Cost Analysis

Same old new year resolutions, same results

January 7, 2014 

Does anyone else find it odd that we use the calendar to create a “fresh start” every 365 days?

That doesn’t happen for months. It isn’t like we suffer through 31 arduous days in January and then cheer the arrival of February. But each year ends and we use an artificially created point to call a beginning, which usually comes with resolutions. But because we inevitably fail at those resolutions, it seems that all the new year does is set ourselves up for disappointment.

Sounds like a good thing to keep repeating!

Think about the futility of resolutions. If I’ve stuffed my craw with cheeseburgers during the past year, why should Jan. 1 put tofu and kale on my plate? If my nose runs more than I do, why should Jan. 1 plop me on a treadmill with every other Jane, Dick and Harry waiting to use the machine after me? If I’ve slacked off on the job for several months, why should Jan. 1 find me the first one in brewing coffee to keep awake for a string of 12-hour workathons?

Why do we resolve to do things we should have done anyway?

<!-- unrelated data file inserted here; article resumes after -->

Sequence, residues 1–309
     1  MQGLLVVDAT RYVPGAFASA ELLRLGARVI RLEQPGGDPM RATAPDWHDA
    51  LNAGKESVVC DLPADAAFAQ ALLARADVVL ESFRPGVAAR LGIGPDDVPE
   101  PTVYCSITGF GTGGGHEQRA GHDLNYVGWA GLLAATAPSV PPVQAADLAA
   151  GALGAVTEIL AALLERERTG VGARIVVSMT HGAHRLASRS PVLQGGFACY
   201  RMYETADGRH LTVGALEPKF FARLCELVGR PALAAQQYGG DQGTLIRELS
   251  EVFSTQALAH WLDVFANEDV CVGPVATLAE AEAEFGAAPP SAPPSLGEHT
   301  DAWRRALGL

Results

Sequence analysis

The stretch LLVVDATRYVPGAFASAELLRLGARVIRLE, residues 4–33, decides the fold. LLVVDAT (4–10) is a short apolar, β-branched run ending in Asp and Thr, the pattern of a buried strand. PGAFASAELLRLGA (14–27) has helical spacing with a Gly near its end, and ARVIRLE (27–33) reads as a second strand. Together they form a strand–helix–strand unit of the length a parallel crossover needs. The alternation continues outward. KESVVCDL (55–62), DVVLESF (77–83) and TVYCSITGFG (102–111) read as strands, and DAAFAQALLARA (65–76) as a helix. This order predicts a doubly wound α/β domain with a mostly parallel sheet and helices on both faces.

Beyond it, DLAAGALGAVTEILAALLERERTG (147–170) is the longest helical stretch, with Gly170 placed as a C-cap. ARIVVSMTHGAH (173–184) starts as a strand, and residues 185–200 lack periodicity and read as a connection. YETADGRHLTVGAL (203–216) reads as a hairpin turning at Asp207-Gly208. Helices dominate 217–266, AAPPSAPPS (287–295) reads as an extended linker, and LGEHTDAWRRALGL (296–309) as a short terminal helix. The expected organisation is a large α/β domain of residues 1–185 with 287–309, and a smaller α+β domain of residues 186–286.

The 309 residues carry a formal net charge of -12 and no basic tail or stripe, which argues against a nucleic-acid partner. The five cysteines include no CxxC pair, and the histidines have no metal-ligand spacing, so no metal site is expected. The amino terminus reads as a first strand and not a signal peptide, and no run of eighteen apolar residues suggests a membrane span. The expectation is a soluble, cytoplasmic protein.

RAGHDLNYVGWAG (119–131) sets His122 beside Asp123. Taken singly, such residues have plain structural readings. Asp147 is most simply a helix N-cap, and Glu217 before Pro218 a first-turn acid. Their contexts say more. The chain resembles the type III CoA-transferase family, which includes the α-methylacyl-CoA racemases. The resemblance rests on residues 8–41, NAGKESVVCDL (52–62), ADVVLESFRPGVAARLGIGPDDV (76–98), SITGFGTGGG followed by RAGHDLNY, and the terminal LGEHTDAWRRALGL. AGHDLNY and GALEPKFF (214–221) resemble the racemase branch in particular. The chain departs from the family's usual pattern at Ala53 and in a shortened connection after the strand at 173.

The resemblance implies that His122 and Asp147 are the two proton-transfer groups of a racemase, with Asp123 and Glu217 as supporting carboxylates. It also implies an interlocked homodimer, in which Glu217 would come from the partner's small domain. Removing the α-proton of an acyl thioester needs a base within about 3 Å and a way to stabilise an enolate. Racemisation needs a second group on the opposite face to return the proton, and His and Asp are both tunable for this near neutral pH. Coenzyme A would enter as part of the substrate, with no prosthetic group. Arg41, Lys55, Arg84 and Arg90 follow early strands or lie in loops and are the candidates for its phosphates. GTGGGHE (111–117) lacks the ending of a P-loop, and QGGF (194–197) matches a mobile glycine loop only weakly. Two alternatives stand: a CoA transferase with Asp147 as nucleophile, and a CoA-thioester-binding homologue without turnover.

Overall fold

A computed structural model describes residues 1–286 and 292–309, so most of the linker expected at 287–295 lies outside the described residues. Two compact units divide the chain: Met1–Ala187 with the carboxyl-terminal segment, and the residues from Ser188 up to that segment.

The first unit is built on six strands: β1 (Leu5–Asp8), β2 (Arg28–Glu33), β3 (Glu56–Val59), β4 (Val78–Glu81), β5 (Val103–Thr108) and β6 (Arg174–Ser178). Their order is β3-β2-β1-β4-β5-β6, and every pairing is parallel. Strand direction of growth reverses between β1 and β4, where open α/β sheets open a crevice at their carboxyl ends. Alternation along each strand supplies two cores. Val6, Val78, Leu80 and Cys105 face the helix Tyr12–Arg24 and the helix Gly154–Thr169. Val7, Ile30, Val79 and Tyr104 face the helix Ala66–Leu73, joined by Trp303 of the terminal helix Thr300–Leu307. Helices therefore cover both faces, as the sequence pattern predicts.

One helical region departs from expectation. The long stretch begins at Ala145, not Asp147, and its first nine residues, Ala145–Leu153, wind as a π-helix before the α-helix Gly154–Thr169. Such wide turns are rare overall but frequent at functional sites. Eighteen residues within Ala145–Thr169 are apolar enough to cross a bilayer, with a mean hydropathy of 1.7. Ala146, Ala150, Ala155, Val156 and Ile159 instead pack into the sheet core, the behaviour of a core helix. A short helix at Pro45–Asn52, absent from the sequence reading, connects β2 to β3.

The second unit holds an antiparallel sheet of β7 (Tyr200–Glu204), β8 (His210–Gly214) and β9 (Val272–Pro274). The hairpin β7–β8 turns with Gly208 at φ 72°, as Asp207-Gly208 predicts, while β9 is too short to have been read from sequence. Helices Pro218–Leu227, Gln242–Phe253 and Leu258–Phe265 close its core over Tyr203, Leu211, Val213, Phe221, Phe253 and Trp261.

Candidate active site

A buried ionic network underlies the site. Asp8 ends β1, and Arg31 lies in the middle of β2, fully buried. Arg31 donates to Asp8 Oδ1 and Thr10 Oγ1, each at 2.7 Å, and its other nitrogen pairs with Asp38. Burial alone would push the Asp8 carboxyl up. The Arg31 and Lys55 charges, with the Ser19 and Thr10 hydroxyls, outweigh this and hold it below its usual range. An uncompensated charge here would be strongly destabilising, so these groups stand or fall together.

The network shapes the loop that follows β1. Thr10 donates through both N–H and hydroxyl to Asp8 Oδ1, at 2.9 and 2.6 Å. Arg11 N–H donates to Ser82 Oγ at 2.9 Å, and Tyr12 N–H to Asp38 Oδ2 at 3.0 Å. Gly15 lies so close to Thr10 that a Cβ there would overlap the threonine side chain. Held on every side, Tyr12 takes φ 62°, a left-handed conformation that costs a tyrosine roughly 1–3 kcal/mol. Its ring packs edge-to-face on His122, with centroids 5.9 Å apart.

Let’s just come to the realization we are a lazy society that needs constant motivation. Guys who write self-help books have figured that out and by giving you some false hope, they rake in thousands of your dollars for their efforts. Dr. Phil has created a mini-empire by shaming people for their inactivity. Because I’m a good guy and no amount of money will get me to kowtow to Phil or Oprah and become a another shyster getting rich off peoples’ problems, I’ll give you the secret to change for free: Only you decide when to change.

I can scream at my son for hours for smelling like a locker room, but until he’s ready not to repulse away the girls, he won’t clean up. I can tell myself that a doughnut a day keeps the doctor away until my arteries clog and chest pains send me to the ER. I can tell myself tanning beds are OK (how the heck did anyone ever think sitting in a heat chamber to turn yourself orange was a good idea?). The point is that Jan. 1 shouldn’t be any different than March 22 or Oct. 19.

If observation has taught me anything, it is that we often know what’s right to do, but we instead do what we want to do, and the two aren’t always the same. Either accept that and move on, or actually make change. Any day of the year – not just Jan. 1.

You can reach Scott at costanalysiscolum@gmail.com to compare orange tans.

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